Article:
If your business has assets and needs working capital to operate and grow, you might want to consider an asset based loan or line of credit. The loan’s value and security are derived from the collateral you pledge — not your financial track record — so it’s a useful form of financing if your business is young or you have less than stellar credit.

We’ll explore the ins and outs of asset based lending so you can determine if this type of financing is the right fit for your business’s needs.

Asset Based Lending: A Definition

Sometimes abbreviated as ABL, this lending is a form of business financing in which the loan is “secured” by your business’s assets. Lenders determine the borrowing base — the amount they’re willing to finance — based on the valuation of the pledged collateral. Such items include inventory, equipment and accounts receivables.

If a borrower defaults on a loan, the lender can seize and liquidate pledged assets to recoup losses.

Why Consider an Asset Backed Loan?

When considering asset based lending vs. traditional lending, or perhaps asset based lending vs. a line of credit, keep in mind these other types of financing are based on cash flow

To qualify, your business must be established, demonstrate a history of profitability and boast a healthy credit score. If your small business fails to meet these qualifications,  asset based lending is an option. 

An illustration of an application form and pen. We'll tell you what you need to know before applying for an asset based loan.

What Types of Assets Can Be Offered as Collateral?

The list of assets you can offer as collateral can be long and varied. In general, lenders prefer liquid securities — assets that can be readily converted to cash with little to no loss in value.

These are the items found at the top of your balance sheet: things such as marketable securities (stocks and bonds) and accounts receivables (outstanding payments from your customers or clients). A lender could grant up to 85% of the face value of such assets. While inventory, equipment and real estate can be pledged as collateral, expect to receive about 50% of their valuation because lenders consider these assets less liquid.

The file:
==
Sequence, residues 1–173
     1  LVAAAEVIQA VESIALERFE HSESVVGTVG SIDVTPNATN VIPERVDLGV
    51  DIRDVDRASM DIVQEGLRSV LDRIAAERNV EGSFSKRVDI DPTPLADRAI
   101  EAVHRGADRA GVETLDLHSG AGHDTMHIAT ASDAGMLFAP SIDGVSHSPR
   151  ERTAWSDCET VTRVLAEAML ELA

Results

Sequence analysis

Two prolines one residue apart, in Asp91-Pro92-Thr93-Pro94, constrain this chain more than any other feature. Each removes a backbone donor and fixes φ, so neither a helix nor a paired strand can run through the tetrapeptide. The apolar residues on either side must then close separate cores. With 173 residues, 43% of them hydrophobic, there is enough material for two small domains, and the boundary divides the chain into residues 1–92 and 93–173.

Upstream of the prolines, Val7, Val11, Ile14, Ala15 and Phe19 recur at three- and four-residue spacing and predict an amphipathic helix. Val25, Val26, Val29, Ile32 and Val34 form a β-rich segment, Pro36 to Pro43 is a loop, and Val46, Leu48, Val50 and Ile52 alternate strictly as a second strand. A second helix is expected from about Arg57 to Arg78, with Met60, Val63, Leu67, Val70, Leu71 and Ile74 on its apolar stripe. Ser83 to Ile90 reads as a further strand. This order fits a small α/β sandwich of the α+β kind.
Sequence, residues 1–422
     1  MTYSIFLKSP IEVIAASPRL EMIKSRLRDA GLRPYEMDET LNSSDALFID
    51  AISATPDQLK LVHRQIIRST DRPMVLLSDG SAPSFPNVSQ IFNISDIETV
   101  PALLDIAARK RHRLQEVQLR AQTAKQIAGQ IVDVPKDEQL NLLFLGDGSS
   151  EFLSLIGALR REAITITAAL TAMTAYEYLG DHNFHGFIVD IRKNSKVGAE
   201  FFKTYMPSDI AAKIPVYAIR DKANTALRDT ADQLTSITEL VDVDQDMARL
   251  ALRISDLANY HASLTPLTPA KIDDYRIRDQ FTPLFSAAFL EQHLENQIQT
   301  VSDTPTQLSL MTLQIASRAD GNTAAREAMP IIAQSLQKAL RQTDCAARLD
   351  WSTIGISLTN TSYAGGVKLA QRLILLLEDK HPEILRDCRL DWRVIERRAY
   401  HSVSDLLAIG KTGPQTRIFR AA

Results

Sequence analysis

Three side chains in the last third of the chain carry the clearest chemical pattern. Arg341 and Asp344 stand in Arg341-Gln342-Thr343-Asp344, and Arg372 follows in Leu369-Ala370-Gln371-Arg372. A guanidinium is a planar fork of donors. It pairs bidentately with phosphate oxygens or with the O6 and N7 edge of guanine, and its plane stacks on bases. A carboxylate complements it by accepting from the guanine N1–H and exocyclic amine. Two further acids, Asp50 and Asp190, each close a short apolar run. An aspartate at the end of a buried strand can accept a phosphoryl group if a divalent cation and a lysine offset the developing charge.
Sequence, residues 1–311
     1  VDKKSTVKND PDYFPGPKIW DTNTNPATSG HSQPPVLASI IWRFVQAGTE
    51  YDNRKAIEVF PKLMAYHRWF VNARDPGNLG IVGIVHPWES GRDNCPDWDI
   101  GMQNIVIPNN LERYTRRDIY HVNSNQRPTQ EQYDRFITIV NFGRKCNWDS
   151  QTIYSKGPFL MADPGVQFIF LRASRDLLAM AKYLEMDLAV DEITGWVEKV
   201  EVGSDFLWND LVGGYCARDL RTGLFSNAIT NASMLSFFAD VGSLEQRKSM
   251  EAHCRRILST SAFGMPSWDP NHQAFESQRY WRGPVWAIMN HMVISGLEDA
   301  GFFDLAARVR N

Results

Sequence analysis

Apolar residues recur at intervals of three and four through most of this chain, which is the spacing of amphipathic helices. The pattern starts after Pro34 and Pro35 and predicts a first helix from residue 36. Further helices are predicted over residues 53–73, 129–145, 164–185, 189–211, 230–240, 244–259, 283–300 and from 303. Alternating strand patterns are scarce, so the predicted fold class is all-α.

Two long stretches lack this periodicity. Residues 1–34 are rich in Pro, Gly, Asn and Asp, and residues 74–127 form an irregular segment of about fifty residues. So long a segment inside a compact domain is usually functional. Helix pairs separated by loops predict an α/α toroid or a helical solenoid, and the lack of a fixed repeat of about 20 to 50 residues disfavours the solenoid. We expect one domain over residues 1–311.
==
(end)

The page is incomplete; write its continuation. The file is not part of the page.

An Example

The Miller & Miller Law Firm seeks a loan to expand its operations. The company decides to pledge its accounts receivable balance as collateral. 

Because of the high liquidity of accounts receivable balances, the lender agrees to advance 85% of the face value of these assets. On the balance sheet, the total of accounts receivables equals $105,000. This means the lender will loan $89,250 to the firm. 

Here are 4 of the most common types of collateral used in asset based lending:

  1. Accounts Receivable: Any receivable due within 90 days may be pledged as collateral in an asset based loan. In this case, the size of the loan is proportionate to the outstanding receivables balance. The amount a lender will advance depends on many factors, including the collection period and the diversification of a business’s accounts. In most cases, advance rates on accounts receivables are set at 70%-90%.
  2. Inventory: If you’re a wholesaler, manufacturer or retailer, chances are you have a good amount of inventory on hand. That inventory can serve as collateral in an asset based loan. When assigning value, lenders will consider the nature of the commodity, margins and how quickly the inventory can be converted into saleable profits.
  3. Machinery and Equipment: Any machinery or equipment your business owns can be pledged as collateral. As these assets are not as easily converted to cash, they require special consideration. The borrowing base, therefore, widely varies. A lender will consider an asset’s useful life to determine value depreciation over time.